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Lord Mayor architect of business trust in a modern City

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  • Publish date: 22 November 2017
  • Archived on: 22 November 2018

The 690th Lord Mayor of the City of London, LSCA member Charles Bowman, tells London Accountant about his mission to restore business trust, the need for a quick Brexit divorce deal and what his seven-year-old self would think about where he is today.

Lord Mayor Charles Bowman

December 2017

As a seven-year-old, Charles Bowman went to see the Lord Mayor’s show on a wet November Saturday with his father, a chartered accountant. Little did he know that, 50 years later, he would be sitting in the Mayor’s golden coach, again on a wet Saturday in November, parading through the streets of the City, and admiring all the diversity that the City has to offer.

Now, 35 years after joining Price Waterhouse, he has the opportunity to use his professional qualification and experience to drive forward a campaign to restore trust in the City and wider business community, to build strong international ties and lobby government for a rapid conclusion of Brexit negotiations.

At the same time, he wants to empower the next generation of City and business leaders, who will be at the forefront of delivering the new world outside the European Union and beyond.

Having studied architecture at Bristol University, Bowman chose a career in chartered accountancy as he recognised the qualification’s value as a training ground for business. “It was relevant in my day, and it is even more relevant today,” he says. “You don’t need to look much further than the proportion of directors on the FTSE 100 boards who have the ACA qualification underpinning their position, and my year in office gives the opportunity to shine the spotlight on something unique and special that we have.”

One of Bowman’s first moves as Lord Mayor was to launch the City’s business trust campaign, which will aim to address falling confidence among ordinary people in business’ ability to do the right thing. “It is a complex agenda, and there is no silver bullet,” he says. “Trust arrives on foot but leaves on a galloping horse. We won’t have the answers to these questions in just one year, but if I am able to leave this in safe hands, then I will be pleased.”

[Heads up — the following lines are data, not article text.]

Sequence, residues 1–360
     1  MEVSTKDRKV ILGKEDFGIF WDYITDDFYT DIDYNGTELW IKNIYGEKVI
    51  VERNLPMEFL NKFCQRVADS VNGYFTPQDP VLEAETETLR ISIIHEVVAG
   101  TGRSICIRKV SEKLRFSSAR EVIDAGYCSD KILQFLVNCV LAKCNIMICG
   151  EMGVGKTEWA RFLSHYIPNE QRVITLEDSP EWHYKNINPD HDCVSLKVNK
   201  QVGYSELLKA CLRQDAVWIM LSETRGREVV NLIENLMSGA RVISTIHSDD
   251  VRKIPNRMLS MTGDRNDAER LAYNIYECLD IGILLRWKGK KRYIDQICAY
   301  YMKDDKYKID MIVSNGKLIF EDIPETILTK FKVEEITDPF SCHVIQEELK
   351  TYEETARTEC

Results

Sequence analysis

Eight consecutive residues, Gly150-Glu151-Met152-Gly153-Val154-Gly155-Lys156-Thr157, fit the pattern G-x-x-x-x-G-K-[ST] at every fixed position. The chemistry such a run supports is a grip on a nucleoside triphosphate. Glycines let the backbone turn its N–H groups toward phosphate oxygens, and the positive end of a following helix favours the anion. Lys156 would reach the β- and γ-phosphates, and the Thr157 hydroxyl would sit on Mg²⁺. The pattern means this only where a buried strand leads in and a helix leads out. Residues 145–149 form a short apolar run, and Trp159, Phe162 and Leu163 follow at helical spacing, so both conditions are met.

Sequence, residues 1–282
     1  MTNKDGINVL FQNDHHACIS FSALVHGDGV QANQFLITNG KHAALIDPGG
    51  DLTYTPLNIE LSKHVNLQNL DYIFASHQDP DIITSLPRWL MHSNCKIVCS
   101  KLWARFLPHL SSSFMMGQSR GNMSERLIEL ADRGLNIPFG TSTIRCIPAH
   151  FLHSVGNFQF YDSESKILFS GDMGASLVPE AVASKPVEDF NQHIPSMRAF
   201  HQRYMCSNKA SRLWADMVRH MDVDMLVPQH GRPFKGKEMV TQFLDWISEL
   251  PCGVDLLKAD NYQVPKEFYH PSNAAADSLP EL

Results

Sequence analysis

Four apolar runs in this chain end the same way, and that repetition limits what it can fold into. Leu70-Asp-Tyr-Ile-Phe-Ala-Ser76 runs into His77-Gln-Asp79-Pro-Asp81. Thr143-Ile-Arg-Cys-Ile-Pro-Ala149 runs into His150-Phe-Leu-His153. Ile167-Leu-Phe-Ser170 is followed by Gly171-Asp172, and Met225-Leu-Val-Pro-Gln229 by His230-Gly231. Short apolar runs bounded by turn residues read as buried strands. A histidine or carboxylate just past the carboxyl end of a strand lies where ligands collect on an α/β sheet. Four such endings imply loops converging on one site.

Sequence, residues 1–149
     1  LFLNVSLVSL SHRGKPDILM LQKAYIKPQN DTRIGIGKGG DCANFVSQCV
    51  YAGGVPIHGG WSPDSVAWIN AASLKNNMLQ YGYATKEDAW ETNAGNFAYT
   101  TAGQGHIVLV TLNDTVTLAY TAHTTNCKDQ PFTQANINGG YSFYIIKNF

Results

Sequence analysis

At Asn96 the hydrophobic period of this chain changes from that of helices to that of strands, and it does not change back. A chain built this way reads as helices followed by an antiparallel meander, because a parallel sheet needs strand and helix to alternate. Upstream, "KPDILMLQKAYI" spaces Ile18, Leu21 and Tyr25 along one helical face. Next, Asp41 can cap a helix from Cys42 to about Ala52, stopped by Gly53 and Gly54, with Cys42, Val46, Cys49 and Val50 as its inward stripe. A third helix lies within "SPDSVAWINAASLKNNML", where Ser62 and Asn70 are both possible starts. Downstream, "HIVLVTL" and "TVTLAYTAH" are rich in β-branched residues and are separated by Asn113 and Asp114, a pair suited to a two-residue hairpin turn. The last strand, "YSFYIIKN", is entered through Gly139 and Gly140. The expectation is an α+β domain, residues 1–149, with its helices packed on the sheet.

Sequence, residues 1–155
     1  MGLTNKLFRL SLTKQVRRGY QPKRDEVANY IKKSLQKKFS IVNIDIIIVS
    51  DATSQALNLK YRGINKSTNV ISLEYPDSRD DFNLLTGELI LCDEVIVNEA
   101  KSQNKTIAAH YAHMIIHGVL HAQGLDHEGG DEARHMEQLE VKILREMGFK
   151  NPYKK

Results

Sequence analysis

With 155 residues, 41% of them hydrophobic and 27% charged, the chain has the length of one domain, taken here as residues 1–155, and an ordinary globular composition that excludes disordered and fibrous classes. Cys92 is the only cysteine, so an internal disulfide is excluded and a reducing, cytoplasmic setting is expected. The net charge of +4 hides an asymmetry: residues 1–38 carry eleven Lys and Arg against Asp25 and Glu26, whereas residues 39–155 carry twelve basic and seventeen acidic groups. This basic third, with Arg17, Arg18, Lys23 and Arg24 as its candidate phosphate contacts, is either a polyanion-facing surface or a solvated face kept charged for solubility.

Next generation

Some of these safe hands will belong to the next generation of business leaders, a point that Bowman has recognised through the creation of a 100-strong network of future business leaders. “I asked organisations to nominate individuals who they thought would be in this next generation. They are all hugely energetic, and will act as a strong ambassadorial force, with many different capacities.”

But overshadowing these initiatives will be the UK’s departure from the EU, arguably the most significant issue to have faced the City in its long history. Bowman took the opportunity to outline in his first speech as Lord Mayor, with the prime minister sat by his side the three issues of talent, trade and transition that would need to be settled for a successful outcome of Brexit negotiations. And he has been urging government to reach a divorce bill agreement as soon as possible. “If you haggle over the pennies, you could end up losing the pounds,” he says.

As a senior partner at PwC, Bowman is no stranger to international travel, which is just as well as during his year of office he will be spending 100 days abroad, visiting 27 countries, building relations with emerging economies while strengthening the important ties with developed markets, such as China, Canada and the US.

Closer to home, Bowman will be working closely with a number of charities to develop a three-year programme for the Lord Mayor’s Appeal, which will work on four key pillars to build a City that is inclusive, healthy, skilled and fair, with the single aim of building a better City.

Bowman recognises the history, tradition and pageantry that comes with the office of Lord Mayor – and yes, he has a small flock of sheep at his home in Suffolk that he may, or may not, take across London Bridge – but he sees the Lord Mayor as a very modern role, a jewel in the UK crown, but one that is truly engaged with the cut and thrust of business life.

As he says: “It is a very modern role.”

Charles Bowman, the 690th Lord Mayor, is a senior partner at PwC, a former member of the ICAEW Council, a former chair of the ICAEW Audit and Assurance Faculty and current chair of the Audit Quality Forum.

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